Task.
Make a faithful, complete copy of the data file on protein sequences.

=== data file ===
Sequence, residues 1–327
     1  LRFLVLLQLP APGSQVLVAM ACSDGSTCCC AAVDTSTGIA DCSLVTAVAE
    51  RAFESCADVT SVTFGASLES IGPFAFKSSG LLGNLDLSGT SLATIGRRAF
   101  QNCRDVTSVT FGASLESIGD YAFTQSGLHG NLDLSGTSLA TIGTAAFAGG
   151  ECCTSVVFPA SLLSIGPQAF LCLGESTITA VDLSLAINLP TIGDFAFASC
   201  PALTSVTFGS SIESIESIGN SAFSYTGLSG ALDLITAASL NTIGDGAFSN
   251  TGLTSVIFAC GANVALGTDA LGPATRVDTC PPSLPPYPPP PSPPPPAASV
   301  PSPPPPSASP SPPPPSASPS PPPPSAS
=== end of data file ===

Sequence, residues 1–327
     1  LRFLVLLQLP APGSQVLVAM ACSDGSTCCC AAVDTSTGIA DCSLVTAVAE
    51  RAFESCADVT SVTFGASLES IGPFAFKSSG LLGNLDLSGT SLATIGRRAF
   101  QNCRDVTSVT FGASLESIGD YAFTQSGLHG NLDLSGTSLA TIGTAAFAGG
   151  ECCTSVVFPA SLLSIGPQAF LCLGESTITA VDLSLAINLP TIGDFAFASC
   201  PALTSVTFGS SIESIESIGN SAFSYTGLSG ALDLITAASL NTIGDGAFSN
   251  TGLTSVIFAC GANVALGTDA LGPATRVDTC PPSLPPYPPP PSPPPPAASV
   301  PSPPPPSASP SPPPPSASPS PPPPSAS